Shakatala, Śakaṭāla: 8 definitions


Shakatala means something in Hinduism, Sanskrit. If you want to know the exact meaning, history, etymology or English translation of this term then check out the descriptions on this page. Add your comment or reference to a book if you want to contribute to this summary article.

The Sanskrit term Śakaṭāla can be transliterated into English as Sakatala or Shakatala, using the IAST transliteration scheme (?).

In Hinduism

Kavya (poetry)

[«previous next»] — Shakatala in Kavya glossary
Source: Wisdom Library: Kathāsaritsāgara

Śakaṭāla (शकटाल) is the name of a minister of King Nanda, whose story is told in the Kathāsaritsāgara, chapter 4.

The Kathāsaritsāgara (‘ocean of streams of story’), mentioning Śakaṭāla, is a famous Sanskrit epic story revolving around prince Naravāhanadatta and his quest to become the emperor of the vidyādharas (celestial beings). The work is said to have been an adaptation of Guṇāḍhya’s Bṛhatkathā consisting of 100,000 verses, which in turn is part of a larger work containing 700,000 verses.

Source: OpenEdition books: Vividhatīrthakalpaḥ (Kāvya)

Śakaṭāla (शकटाल) is the minister of the ninth Nanda, as mentioned in the Vividhatīrthakalpa by Jinaprabhasūri (13th century A.D.): an ancient text devoted to various Jaina holy places (tīrthas).—Accordingly, “Śakaṭāla is jealous of the largesse that the ninth Nanda gives to the poet Vararuci. He therefore told the king that his compositions were not original and that he could produce young girls capable of reciting them. His own daughters with wonderful gifts, hidden behind a curtain, are then able to rehearse Vararuci's brand new composition. The king believes himself to be deceived and no longer pays the poet”.

Cf. Āvaśyakacūrṇi II 183.8-184.3; Āvasyakaniryukti (Haribhadra commentary) b.3-a.4; Leumann 1934 p. 24; Pariś.VIII. v. 11-29: Jacobi analysis1932 p. LXVII-LXVIII.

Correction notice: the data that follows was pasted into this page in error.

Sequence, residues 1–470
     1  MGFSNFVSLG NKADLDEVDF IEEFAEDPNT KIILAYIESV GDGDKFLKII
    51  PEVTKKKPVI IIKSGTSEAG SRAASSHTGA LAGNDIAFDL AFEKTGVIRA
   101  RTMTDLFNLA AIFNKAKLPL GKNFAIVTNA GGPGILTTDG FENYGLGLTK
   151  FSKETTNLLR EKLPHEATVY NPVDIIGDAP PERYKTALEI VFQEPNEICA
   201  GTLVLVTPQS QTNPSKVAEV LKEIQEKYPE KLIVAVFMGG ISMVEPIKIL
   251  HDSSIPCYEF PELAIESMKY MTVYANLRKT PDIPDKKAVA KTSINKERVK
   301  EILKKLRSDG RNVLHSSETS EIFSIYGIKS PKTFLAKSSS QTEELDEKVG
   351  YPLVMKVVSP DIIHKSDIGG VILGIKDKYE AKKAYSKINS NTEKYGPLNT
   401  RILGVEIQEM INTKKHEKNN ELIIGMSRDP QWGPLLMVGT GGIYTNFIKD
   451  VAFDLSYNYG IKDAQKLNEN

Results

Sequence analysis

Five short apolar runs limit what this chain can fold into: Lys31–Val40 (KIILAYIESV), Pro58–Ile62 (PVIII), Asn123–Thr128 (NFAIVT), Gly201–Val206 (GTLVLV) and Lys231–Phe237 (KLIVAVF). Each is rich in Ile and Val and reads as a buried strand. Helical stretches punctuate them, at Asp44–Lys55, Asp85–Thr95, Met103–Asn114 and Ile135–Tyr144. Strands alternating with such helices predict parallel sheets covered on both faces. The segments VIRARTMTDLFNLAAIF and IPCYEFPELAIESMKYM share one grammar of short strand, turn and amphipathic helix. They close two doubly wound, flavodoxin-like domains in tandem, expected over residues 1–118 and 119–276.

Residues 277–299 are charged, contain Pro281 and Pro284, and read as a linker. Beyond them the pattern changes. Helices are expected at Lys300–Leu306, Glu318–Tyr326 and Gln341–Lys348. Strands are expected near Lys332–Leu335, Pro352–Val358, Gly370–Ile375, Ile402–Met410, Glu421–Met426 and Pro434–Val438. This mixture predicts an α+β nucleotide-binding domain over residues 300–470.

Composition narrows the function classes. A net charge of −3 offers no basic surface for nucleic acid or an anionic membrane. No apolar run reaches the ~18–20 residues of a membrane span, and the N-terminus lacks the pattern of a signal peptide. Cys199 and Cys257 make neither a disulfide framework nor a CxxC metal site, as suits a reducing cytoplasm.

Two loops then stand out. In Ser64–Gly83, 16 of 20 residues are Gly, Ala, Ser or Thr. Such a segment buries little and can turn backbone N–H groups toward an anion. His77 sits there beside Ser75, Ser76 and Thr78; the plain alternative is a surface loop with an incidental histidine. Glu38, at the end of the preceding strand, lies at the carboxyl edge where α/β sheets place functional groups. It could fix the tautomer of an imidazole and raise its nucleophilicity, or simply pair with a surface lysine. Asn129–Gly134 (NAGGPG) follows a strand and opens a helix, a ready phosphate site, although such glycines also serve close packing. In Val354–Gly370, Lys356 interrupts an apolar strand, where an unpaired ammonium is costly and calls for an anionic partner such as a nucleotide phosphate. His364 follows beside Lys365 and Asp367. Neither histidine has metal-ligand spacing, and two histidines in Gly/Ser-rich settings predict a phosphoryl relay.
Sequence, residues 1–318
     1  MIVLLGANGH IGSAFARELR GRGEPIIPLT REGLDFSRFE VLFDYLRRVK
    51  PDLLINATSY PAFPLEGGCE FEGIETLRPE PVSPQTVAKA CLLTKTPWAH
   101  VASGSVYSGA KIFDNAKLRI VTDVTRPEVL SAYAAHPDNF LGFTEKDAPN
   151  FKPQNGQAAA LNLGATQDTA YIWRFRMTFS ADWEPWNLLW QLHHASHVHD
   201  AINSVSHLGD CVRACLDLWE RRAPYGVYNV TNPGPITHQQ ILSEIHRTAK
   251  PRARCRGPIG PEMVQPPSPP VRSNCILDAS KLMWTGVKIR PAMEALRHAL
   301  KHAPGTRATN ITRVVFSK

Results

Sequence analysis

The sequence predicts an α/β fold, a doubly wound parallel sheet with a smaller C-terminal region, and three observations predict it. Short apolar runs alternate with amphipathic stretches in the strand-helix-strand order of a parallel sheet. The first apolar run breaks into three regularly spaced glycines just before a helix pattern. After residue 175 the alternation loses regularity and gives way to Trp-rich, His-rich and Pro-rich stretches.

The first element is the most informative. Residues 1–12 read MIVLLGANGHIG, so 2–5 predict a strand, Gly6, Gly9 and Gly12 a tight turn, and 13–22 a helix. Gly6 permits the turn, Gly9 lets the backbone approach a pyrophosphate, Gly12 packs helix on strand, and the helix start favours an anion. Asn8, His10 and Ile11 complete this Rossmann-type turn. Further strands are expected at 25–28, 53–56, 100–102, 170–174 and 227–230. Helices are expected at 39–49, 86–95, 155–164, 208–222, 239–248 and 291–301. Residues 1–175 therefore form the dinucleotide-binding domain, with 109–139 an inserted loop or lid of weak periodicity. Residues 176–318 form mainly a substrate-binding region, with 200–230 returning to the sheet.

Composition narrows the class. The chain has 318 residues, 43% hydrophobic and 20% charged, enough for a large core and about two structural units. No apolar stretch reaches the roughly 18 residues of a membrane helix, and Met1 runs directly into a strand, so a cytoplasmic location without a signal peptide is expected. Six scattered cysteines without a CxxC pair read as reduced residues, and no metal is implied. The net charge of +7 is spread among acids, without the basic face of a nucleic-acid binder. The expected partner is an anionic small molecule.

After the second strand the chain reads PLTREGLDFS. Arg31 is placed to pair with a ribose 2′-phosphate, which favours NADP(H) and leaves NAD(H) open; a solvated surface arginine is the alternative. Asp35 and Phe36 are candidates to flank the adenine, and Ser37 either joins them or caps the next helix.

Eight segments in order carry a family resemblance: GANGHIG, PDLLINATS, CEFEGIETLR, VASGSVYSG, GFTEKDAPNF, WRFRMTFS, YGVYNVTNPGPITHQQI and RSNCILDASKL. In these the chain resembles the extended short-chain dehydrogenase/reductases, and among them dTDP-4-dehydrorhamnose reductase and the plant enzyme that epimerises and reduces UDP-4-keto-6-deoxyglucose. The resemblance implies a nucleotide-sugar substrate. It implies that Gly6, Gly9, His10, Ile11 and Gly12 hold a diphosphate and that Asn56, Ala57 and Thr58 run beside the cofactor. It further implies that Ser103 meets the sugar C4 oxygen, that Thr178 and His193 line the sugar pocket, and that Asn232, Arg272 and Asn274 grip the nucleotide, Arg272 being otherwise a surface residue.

Kavya book cover
context information

Kavya (काव्य, kavya) refers to Sanskrit poetry, a popular ancient Indian tradition of literature. There have been many Sanskrit poets over the ages, hailing from ancient India and beyond. This topic includes mahakavya, or ‘epic poetry’ and natya, or ‘dramatic poetry’.

Discover the meaning of shakatala or sakatala in the context of Kavya from relevant books on Exotic India

Purana and Itihasa (epic history)

[«previous next»] — Shakatala in Purana glossary
Source: Puranic Encyclopedia

Śakaṭāla (शकटाल).—An intelligent minister. (For details see under Vararuci).

Purana book cover
context information

The Purana (पुराण, purāṇas) refers to Sanskrit literature preserving ancient India’s vast cultural history, including historical legends, religious ceremonies, various arts and sciences. The eighteen mahapuranas total over 400,000 shlokas (metrical couplets) and date to at least several centuries BCE.

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Languages of India and abroad

Sanskrit dictionary

[«previous next»] — Shakatala in Sanskrit glossary
Source: Cologne Digital Sanskrit Dictionaries: Shabda-Sagara Sanskrit-English Dictionary

Śakaṭāla (शकटाल).—m.

(-laḥ) The minister of Nanda: also read Sakatara.

Source: Cologne Digital Sanskrit Dictionaries: Monier-Williams Sanskrit-English Dictionary

Śakaṭāla (शकटाल):—[from śakaṭa] m. Name of a minister of king Nanda (in revenge for ill-treatment he conspired with the Brāhman Cāṇakya to effect his master’s death), [Harṣacarita; Kathāsaritsāgara]

Source: Cologne Digital Sanskrit Dictionaries: Yates Sanskrit-English Dictionary

Śakaṭāla (शकटाल):—(laḥ) 1. m. The minister of Nanda.

Source: DDSA: Paia-sadda-mahannavo; a comprehensive Prakrit Hindi dictionary (S)

Śakaṭāla (शकटाल) in the Sanskrit language is related to the Prakrit word: Sagaḍāla.

[Sanskrit to German]

Shakatala in German

context information

Sanskrit, also spelled संस्कृतम् (saṃskṛtam), is an ancient language of India commonly seen as the grandmother of the Indo-European language family (even English!). Closely allied with Prakrit and Pali, Sanskrit is more exhaustive in both grammar and terms and has the most extensive collection of literature in the world, greatly surpassing its sister-languages Greek and Latin.

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